This is the first in a six-part series titled Making in Schools.
If you visit Lighthouse Community Charter classrooms this fall, you'll see kindergartners using power tools, 2nd graders doing logo programming, 3rd graders building circuit blocks, 6th graders programming microcontrollers to respond to sensor inputs, 8th graders using hot-glue guns, and high school students building chairs, building and programming robots, and using a laser to cut out pieces of wood for prototypes.
As we look across our school, we're pretty excited by two things. First, we're pleased to see making (broadly defined as using your hands, heart, and mind to create or improve things) happening as part of our students' core classroom experiences. And second, we're thrilled that our students -- poor, urban students of color -- have access to making, especially because our educational system so often provides them with experiences filled with seat time and back-to-basics instruction.
Lighthouse operates two high-performing, K-12 public schools in Oakland: our flagship campus, Lighthouse, and our brand new campus, Lodestar (to open in East Oakland in the fall of 2016). Our mission is to prepare a diverse, K-12 student population for college and the career of their choice by equipping each student with the skills, knowledge, and tools to become a self-motivated, competent, lifelong learner.
We need making in education to prepare our students for a world that is increasingly global, increasingly technological, and increasingly complex. We can't be confident that the jobs of today will be the jobs of tomorrow. We don't know that the technologies of today will be the technologies of tomorrow. What we can do is prepare thinkers and lifelong learners that can be successful in any situation the future puts them in.
Good making experiences -- sewing, fermenting, or 3D printing, as examples -- can happen across a lot of content areas, but we think good making experiences develop students’ agency by helping them become sensitive to design.
Let's unpack those features a little bit. We live in a world that is shaped by humans. Human craftsmanship and design shape all kinds of things you use on a daily basis, from your desk, to the transit system, to this very blog post. This is what we mean by sensitivity to design: an ability to perceive the made dimensions of the world. Agency plugs into this by giving students both the ability and inclination to design and affect design, which requires particular skills, mindsets, and dispositions.
We'll talk more broadly about this framework, which is built off of research done by our friends at Agency by Design (an initiative of Project Zero at the Harvard Graduate School of Education), later on in this Making in Schools series.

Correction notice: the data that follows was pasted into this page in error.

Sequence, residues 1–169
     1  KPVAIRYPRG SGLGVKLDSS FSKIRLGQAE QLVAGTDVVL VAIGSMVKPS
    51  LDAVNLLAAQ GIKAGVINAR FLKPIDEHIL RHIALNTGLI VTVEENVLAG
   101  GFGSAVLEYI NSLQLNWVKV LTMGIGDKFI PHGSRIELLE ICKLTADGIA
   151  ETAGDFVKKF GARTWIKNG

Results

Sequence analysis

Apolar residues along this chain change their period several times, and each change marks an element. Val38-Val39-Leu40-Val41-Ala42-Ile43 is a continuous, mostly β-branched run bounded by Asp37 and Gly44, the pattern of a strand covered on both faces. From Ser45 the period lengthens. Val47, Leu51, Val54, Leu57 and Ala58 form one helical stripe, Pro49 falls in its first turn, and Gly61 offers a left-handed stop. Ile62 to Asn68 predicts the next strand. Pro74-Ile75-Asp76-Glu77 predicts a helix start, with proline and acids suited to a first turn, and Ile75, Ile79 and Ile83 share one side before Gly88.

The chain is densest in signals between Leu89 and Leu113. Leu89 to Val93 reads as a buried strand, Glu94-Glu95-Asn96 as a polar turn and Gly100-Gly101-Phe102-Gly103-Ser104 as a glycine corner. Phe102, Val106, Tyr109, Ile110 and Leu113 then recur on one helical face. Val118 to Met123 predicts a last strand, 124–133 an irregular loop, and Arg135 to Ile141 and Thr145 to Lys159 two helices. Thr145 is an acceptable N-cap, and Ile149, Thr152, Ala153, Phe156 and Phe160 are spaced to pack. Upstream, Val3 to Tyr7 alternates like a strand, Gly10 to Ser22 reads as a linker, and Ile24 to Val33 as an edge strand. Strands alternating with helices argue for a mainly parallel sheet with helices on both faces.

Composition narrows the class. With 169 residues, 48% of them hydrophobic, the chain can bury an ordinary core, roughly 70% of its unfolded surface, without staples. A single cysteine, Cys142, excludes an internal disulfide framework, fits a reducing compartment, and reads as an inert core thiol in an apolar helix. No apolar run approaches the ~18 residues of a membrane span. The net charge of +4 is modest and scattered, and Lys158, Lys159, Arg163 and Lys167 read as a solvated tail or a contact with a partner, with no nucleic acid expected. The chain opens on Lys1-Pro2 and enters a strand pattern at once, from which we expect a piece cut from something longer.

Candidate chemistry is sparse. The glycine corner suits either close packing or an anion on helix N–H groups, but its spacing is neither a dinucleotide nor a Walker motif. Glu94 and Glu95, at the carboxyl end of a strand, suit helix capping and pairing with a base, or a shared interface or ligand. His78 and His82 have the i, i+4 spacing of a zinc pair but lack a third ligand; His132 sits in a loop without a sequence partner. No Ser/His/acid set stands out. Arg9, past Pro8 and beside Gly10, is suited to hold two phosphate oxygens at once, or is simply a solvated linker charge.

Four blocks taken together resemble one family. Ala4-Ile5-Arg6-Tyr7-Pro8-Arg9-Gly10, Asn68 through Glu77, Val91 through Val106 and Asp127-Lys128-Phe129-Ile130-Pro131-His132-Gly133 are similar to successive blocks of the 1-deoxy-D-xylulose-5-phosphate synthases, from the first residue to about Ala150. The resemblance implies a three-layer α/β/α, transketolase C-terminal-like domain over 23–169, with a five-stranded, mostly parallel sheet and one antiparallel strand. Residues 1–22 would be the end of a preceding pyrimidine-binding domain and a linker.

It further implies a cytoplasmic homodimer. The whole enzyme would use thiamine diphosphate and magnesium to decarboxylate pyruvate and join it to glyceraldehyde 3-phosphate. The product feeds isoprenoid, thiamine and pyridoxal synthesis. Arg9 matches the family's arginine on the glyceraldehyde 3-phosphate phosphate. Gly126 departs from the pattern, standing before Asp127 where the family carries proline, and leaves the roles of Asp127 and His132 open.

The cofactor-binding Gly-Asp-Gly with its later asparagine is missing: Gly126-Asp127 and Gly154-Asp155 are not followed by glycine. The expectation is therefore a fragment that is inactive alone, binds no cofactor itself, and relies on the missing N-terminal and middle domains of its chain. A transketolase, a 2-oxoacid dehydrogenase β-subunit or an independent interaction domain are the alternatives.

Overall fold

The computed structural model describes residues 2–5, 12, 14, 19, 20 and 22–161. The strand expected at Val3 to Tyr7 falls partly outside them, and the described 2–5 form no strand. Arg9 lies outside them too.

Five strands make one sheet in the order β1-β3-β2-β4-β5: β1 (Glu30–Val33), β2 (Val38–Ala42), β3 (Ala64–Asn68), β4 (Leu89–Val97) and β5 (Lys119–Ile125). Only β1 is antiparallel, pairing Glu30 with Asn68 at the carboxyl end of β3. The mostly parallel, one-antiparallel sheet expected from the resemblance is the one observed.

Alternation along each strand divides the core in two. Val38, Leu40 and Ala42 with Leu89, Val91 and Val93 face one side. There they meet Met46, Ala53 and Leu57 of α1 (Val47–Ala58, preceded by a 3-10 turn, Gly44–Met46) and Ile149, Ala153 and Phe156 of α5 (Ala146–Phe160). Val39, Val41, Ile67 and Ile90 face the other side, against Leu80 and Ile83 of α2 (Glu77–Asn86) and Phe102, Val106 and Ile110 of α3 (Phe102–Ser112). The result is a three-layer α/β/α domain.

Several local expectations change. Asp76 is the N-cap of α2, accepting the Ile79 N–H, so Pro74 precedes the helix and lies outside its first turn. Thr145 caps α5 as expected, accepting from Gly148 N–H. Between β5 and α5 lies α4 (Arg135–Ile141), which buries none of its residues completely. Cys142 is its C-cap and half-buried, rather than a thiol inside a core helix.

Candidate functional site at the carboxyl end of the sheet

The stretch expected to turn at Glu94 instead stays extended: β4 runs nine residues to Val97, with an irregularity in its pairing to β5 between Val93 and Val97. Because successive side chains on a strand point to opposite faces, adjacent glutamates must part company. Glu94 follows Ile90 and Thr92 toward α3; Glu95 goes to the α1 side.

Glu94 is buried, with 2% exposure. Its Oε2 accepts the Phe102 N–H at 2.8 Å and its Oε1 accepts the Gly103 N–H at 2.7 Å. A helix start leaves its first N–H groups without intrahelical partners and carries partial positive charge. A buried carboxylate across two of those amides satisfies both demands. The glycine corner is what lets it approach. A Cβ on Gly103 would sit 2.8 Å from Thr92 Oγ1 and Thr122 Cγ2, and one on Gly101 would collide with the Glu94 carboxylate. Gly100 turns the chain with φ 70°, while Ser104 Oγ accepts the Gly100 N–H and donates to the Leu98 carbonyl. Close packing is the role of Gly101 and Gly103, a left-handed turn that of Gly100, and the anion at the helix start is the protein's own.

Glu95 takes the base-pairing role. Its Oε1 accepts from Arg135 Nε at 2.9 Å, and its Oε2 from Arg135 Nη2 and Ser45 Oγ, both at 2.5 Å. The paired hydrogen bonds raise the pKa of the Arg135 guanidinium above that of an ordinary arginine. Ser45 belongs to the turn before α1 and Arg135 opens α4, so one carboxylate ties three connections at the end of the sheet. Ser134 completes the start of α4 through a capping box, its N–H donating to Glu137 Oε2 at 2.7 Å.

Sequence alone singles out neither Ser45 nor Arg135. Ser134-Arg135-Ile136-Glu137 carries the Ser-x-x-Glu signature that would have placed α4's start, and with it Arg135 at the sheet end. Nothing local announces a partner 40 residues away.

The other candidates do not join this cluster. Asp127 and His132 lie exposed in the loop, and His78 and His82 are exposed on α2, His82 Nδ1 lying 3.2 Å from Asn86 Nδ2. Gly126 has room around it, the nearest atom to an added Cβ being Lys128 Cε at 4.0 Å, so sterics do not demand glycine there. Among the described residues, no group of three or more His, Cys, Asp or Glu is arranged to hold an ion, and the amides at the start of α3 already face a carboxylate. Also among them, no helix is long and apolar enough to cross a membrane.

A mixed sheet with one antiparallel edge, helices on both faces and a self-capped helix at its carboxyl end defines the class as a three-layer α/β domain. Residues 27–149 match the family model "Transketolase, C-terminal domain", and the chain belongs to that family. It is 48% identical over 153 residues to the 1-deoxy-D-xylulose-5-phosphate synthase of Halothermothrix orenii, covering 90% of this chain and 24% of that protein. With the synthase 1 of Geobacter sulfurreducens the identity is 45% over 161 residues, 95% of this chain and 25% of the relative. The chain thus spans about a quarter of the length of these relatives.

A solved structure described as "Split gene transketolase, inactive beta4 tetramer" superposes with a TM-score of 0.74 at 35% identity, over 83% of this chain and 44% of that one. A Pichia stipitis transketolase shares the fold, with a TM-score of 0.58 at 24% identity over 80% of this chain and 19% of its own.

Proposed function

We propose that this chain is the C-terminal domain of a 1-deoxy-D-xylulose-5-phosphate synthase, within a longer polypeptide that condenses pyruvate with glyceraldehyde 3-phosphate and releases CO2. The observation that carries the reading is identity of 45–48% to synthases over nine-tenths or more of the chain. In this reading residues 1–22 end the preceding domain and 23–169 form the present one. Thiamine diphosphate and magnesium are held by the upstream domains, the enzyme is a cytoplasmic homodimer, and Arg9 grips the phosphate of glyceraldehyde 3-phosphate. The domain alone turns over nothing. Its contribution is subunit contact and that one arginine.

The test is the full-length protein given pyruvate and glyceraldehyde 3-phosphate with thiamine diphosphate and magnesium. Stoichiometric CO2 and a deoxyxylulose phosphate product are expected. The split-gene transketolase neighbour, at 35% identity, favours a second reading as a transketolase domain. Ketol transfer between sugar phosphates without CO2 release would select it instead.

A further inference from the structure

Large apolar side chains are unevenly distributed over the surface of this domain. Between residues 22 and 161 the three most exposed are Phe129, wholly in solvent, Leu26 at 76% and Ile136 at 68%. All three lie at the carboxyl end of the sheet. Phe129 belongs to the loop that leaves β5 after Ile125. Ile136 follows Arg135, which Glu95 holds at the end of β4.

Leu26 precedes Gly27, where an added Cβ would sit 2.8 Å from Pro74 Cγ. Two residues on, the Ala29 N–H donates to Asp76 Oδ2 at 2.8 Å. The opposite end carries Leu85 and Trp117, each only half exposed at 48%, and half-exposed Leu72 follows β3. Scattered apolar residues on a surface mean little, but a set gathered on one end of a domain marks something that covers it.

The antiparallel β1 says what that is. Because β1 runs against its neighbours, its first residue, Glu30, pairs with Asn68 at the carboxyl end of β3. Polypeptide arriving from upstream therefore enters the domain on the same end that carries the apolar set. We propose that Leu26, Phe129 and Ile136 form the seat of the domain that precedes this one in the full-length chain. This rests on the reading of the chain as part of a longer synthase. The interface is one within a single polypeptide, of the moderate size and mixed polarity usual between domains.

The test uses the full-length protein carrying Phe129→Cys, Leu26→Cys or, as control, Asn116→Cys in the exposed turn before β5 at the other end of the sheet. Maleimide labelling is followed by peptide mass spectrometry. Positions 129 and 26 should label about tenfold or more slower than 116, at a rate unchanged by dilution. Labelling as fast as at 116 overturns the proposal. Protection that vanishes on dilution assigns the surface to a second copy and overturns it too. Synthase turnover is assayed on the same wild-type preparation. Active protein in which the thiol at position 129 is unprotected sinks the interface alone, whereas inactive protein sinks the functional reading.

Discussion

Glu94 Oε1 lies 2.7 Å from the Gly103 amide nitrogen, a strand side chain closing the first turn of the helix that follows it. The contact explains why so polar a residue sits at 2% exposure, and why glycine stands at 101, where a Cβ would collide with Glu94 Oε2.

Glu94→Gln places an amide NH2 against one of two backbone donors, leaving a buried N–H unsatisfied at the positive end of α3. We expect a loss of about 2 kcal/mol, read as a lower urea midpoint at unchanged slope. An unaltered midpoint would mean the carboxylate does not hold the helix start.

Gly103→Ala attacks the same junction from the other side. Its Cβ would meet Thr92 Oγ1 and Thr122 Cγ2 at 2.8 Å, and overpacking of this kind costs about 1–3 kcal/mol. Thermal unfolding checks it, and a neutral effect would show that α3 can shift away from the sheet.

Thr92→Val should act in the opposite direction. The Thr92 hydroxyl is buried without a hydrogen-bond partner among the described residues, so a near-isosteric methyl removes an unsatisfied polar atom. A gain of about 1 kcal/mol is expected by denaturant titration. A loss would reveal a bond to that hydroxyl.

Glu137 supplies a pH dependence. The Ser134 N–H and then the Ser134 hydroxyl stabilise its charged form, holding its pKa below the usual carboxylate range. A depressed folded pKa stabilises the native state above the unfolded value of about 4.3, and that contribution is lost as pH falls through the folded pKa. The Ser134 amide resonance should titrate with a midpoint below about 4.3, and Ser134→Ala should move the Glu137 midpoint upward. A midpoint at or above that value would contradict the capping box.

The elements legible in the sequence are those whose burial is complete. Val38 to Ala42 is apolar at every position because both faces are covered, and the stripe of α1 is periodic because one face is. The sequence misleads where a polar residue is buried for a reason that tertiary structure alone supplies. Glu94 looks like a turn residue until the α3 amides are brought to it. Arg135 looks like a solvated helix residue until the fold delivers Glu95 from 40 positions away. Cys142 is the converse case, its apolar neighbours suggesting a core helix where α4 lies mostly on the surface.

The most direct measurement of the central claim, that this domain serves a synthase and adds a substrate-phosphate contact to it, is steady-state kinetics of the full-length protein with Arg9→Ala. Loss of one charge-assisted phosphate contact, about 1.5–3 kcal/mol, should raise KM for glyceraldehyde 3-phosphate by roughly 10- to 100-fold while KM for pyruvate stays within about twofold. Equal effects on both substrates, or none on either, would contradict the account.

Developing students' agency, though, is the reason we are crazy about making in schools. We love the cool products and the more expansive definition of what learning and achievement are, but making is about more than hands-on learning. It's about thinking. It's about students creating things they can share with other people. It's about craftsmanship. And, along the way, it's about kids learning more traditional content as well.
How Do I Do This With My Students?
We recognize that this post is mostly about how we define making and why we think it's important. The rest of the posts in this series will be about how to do making in your classrooms. Here’s what you can look for in the coming months:
- Thinking Routines: How to use thinking routines to develop sensitivity to design.
- Subtle Shifts: How to make teacher centered activities more learner centered, using subtle shifts.
- Lodestar: How to use agency as a principle of design, as we are doing to create and launch a new school.
- The Making Community: How to connect with resources that are out there, and the maker movement in general.
- Make it happen! How to launch making in your classroom and school.
Get Started Today!
While you may be inclined to wait for additional posts in the series before getting started, part of the maker mindset is diving in, giving things a try, and then reflecting. Your first classroom making experience will not be perfect -- and that's ok. What you learn in your prototype will make your next making experience even better. For some ideas about how you might get started, take a look at our project guides, the Exploratorium Tinkering Studio's projects, and MakerEd's resource library. If you do give making a try in your classroom, tell us about it in the comments below!
Robbie Torney has been a kindergarten teacher at Lighthouse Community Charter School in Oakland, California, since 2011. This year, he is part of a team working to open Lodestar, a sibling school to Lighthouse, with an exciting new model designed around making and agency. Robbie is an Oakland resident, a Stanford fanatic, and supporter of students, teachers, and higher standards. Connect with him on Twitter: @rtorney.